May 29, 2020

AI And The Digital Mine

Posted by in categories: bioengineering, climatology, robotics/AI

When you think of the words “data” and “mine”, no doubt the idea of data mining comes first. However, just as much as we find value in mining the rich resources of data, so too can we apply the advanced techniques for dealing with data to real-world mining — that is, extracting natural resources from the earth. The world is just as dependent on natural resources as it is data resources, so it makes sense to see how the evolving areas of artificial intelligence and machine learning have an impact on the world of mining and natural resource extraction.

Mining has always been a dangerous profession, since extracting minerals, natural gas, petroleum, and other resources requires working in conditions that can be dangerous for human life. Increasingly, we are needing to go to harsher climates such as deep under the ocean or deep inside the earth to extract the resources we still need. It should come as little surprise then that mining and resource extraction companies are looking to robotics, autonomous systems, and AI applications of all sorts to minimize risk, maximize return, and also lessen the environmental impact that mining has on our ecosystem.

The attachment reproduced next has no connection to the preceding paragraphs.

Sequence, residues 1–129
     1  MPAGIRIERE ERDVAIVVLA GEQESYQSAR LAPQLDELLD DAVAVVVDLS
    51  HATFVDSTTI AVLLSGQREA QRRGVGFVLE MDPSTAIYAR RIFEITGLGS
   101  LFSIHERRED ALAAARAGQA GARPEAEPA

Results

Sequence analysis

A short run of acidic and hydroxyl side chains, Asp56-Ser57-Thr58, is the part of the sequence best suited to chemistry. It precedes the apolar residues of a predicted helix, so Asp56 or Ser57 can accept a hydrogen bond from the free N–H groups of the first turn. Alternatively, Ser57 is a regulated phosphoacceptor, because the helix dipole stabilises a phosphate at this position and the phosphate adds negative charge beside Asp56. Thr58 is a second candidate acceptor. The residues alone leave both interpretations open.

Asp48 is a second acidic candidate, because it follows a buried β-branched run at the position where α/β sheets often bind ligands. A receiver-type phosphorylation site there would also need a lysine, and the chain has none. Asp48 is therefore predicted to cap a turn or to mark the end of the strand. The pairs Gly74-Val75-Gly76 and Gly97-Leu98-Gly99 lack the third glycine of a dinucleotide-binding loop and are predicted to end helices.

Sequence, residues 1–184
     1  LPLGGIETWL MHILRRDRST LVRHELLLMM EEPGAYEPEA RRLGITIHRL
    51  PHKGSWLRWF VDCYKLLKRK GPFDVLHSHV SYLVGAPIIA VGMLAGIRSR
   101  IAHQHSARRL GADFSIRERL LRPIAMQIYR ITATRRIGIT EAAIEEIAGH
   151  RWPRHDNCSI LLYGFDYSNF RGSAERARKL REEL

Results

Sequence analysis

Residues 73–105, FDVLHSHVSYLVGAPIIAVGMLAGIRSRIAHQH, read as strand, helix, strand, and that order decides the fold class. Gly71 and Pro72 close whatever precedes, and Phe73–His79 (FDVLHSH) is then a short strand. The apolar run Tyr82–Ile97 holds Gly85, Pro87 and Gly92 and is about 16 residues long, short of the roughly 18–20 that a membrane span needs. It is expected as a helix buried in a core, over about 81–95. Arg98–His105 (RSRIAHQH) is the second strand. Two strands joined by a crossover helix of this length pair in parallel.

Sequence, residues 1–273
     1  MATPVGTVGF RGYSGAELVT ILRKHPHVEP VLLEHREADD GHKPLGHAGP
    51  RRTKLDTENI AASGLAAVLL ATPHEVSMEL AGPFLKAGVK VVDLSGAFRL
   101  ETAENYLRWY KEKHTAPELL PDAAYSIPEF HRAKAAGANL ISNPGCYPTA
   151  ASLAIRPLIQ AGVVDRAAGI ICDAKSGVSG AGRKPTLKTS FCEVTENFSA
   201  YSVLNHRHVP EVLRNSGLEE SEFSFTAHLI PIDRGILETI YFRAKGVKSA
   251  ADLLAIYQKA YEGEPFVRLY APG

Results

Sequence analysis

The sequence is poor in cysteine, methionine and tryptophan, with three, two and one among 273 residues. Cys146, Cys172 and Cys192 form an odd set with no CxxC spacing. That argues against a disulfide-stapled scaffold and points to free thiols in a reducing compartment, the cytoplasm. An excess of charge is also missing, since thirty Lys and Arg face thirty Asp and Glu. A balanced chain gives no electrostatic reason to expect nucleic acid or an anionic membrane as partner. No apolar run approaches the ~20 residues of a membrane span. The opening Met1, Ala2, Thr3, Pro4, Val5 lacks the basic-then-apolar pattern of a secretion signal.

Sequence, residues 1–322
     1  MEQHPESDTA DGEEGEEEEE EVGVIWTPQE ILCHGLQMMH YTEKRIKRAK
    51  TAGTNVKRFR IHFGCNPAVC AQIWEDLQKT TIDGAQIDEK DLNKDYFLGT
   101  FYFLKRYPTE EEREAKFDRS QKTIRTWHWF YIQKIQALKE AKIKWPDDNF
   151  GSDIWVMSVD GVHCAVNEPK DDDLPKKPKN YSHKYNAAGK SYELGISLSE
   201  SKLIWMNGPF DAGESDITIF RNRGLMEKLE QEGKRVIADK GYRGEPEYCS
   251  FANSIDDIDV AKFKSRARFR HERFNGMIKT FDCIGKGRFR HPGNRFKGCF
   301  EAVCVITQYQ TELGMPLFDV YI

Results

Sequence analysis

On a recent AI Today podcast episode, Antoine Desmet of mining technology and equipment company Komatsu shared how they’re using advanced forms of AI, automation, and robotics to make an impact on the organization’s operations. Antoine has an interesting background, starting his career as a telecom engineer and receiving a Ph.D in neural network engineering. After getting his Ph.D, he returned to Komatsu and started working in surface analytics. He states that at the time there was a lot of data to work with, but very few analytics in place. He decided to start implementing machine learning and in the last few years his company has seen significant growth through this approach, with his data science team growing from just one person to ten people.

Leave a reply